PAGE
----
Welcome to our Friday mailbag edition!

Every week, we receive great questions from your fellow readers. And every Friday, I answer as many as I can.

This week, we’ve got questions about the Fed’s “endgame”… bringing back the gold standard… and whether the U.S. government could ban cryptocurrencies like Bitcoin. Let’s dive in…

I can’t for the life of me understand how any money is created when the Federal Reserve buys bonds from the banks.

So, the Fed creates money to pay the banks for these bonds. But how do the banks get these bonds in the first place? Don’t they have to pay the Treasury for them? Or are they just given to them free of charge?

– Thomas R.

Hi, Thomas, thank you for your question. It’s certainly a head-scratcher, on many levels. But I’ll try to explain it as simply as I can…

The U.S. Department of the Treasury borrows money by issuing a Treasury bond and agreeing to pay interest on that bond in return.

Treasury bonds are considered high-quality bonds, given that they have the implicit backing (what’s called the “full faith and credit”) of the U.S. government.

The banks are given a portion of each new bond issuance to sell to customers – usually pension funds, corporations, and money managers.

And when I say “given,” I mean “allocated” by the Department of the Treasury. The big banks are considered “primary dealers.” They act as middlemen or brokers to the types of institutional customers I mentioned above.

Usually (but not always), the bigger the bank, the bigger the allocation.

And when the banks sell those bonds, they get a fee.

They can then do what they want with the money they get from the pension funds, etc. They don’t have to return any of that money to the Department of the Treasury. It’s basically free money to Wall Street.

The Department of the Treasury doesn’t keep its own bonds, however. The idea is to sell them and pay interest on them to the end holders, whether that’s the big banks’ customers or the big banks themselves.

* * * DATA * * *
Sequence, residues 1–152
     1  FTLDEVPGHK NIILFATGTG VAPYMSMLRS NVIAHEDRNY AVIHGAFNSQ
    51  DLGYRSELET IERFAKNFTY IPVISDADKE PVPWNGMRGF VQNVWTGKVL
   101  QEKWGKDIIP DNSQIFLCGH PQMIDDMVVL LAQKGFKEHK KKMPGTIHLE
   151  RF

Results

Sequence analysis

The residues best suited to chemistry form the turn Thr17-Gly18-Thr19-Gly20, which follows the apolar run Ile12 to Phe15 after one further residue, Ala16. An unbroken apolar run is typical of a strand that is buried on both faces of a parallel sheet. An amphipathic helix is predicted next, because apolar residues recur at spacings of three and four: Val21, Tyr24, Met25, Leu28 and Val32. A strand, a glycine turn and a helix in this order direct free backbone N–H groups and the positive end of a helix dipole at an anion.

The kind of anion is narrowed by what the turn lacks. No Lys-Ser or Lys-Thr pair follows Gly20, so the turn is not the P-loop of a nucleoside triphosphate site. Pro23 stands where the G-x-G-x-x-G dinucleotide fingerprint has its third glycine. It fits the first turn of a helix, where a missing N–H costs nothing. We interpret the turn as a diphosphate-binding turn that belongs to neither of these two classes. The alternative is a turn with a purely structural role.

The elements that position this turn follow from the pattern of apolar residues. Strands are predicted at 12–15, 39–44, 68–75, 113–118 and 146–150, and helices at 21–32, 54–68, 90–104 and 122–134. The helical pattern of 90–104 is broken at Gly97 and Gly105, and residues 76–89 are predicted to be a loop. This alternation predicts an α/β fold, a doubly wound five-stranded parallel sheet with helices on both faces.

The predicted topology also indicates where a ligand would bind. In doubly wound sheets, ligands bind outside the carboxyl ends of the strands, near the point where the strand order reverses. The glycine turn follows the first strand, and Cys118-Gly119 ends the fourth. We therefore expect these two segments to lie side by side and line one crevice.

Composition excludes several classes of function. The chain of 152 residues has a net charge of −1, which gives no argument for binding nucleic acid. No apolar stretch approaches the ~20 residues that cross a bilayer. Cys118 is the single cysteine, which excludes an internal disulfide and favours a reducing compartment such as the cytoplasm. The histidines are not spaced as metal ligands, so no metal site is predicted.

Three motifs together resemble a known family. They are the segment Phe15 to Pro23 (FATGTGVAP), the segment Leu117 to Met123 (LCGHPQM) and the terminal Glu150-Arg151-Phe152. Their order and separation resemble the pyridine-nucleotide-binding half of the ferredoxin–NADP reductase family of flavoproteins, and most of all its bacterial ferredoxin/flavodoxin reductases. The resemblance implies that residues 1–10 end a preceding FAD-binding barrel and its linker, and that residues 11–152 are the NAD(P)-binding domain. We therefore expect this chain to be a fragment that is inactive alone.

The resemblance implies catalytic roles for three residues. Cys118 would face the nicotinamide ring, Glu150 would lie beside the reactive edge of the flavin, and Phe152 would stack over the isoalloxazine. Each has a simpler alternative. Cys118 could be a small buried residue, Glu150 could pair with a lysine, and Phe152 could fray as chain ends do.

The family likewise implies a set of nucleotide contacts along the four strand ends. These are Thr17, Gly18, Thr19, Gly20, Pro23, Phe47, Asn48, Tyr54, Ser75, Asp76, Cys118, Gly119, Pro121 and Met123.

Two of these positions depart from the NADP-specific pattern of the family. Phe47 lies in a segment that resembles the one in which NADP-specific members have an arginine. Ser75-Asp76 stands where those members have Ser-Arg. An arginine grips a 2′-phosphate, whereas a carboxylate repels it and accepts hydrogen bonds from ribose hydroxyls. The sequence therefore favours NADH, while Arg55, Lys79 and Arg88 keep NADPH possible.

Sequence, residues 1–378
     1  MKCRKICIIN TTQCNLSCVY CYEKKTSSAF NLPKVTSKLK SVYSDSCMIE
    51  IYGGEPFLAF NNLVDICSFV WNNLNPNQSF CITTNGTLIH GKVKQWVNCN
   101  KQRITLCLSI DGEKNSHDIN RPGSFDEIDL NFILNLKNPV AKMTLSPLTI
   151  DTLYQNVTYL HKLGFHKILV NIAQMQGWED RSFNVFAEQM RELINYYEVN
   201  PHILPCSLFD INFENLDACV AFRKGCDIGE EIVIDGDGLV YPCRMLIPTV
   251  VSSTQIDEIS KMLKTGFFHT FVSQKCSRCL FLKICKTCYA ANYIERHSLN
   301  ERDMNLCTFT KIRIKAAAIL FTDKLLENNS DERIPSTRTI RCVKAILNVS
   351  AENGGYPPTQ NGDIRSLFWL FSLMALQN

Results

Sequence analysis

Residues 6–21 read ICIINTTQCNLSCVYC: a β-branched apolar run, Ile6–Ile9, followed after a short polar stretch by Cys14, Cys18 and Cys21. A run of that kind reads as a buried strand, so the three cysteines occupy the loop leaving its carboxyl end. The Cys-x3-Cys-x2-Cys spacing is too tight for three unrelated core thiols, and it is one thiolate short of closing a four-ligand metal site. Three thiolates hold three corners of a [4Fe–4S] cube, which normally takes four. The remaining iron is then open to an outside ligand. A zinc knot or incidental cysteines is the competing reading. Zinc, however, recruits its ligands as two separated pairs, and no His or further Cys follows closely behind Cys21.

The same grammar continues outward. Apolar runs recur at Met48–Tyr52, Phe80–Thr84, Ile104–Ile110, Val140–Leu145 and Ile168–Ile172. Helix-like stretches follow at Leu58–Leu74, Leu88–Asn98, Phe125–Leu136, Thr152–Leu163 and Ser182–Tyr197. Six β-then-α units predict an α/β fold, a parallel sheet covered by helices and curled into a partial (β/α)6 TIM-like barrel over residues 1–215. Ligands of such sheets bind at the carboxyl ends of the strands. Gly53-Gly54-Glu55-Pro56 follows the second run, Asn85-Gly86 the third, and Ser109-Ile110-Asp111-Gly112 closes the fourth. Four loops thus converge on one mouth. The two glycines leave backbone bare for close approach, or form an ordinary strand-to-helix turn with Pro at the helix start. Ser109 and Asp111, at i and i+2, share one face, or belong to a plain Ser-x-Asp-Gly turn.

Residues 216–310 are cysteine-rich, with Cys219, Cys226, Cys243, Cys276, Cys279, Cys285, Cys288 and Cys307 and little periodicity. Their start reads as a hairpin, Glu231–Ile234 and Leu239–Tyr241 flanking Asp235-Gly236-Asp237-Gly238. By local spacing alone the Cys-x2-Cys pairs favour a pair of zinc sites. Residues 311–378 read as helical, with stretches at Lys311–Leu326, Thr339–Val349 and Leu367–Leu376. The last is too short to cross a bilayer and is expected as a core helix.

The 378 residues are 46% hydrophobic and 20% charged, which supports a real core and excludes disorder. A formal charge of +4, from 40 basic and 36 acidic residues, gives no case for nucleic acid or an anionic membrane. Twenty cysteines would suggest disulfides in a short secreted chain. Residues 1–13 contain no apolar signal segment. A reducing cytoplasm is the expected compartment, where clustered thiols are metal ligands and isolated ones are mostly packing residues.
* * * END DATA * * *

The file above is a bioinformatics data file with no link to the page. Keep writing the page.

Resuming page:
The banks can also keep, or hold, some of the bonds they are given on their own books to sell at a later date. They would choose to do this if they wanted to keep some of those bonds on reserve at the Federal Reserve in case of emergency or crisis.

Technically, though, as we’ve seen, the Fed pays extra money in the form of quantitative easing (QE) in return for the bonds.

This means the Fed “buys” these bonds from the banks in return for cash it has fabricated out of thin air. With a few keystrokes on a computer, it transfers that fabricated money to the bank.

So the Fed adds real bonds to its book of assets. And it adds fabricated money into the banking system.

It’s really that simple… and that crazy.

It’s a triangle. The government “borrows” money through issuing bonds… the banks are the middlemen that sell those bonds (for a fee)… and the Fed is one of the main buyers.

I hope this helps you understand the intricacies of the Fed’s QE monetary strategy.

I have carefully studied your excellent explanations about the evolving distortion. My question:

The Fed is not a charity organization. So it asks the Treasury Secretary to give the corresponding amount of financial assets – mainly Treasury Bonds and mortgage-backed securities – before “printing” more money (or technically speaking, before increasing its reserves).

The Fed asks, in addition, a solid processing fee of likely 2.5% for the process. As a consequence, the government’s debts are further increasing. But it also means that the Fed is increasingly owning the financial assets in question, which means owing the U.S. government, if I am correct.

What is the endgame of such an evolution?

– Erwin S.

Hi, Erwin. First of all, thank you very much for writing in. This dovetails nicely with my response to Thomas above. Regarding the endgame, here is my belief…

In these distorted times, one of the Fed’s unspoken functions is to enable the government to finance the budget (issue debt) as cheaply as possible.

If the Federal Reserve keeps interest rates relatively low (they have been as high as 20% in the past), this keeps the amount of interest the U.S. government has to pay on its debt low.

That’s a game in itself, beginning and end.